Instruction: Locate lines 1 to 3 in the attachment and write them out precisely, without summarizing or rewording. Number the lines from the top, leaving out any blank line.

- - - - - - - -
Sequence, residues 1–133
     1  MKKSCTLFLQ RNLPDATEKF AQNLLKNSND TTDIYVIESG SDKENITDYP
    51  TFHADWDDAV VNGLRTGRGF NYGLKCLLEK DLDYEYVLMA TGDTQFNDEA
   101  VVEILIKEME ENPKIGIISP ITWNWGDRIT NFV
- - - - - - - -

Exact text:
Sequence, residues 1–133
     1  MKKSCTLFLQ RNLPDATEKF AQNLLKNSND TTDIYVIESG SDKENITDYP
    51  TFHADWDDAV VNGLRTGRGF NYGLKCLLEK DLDYEYVLMA TGDTQFNDEA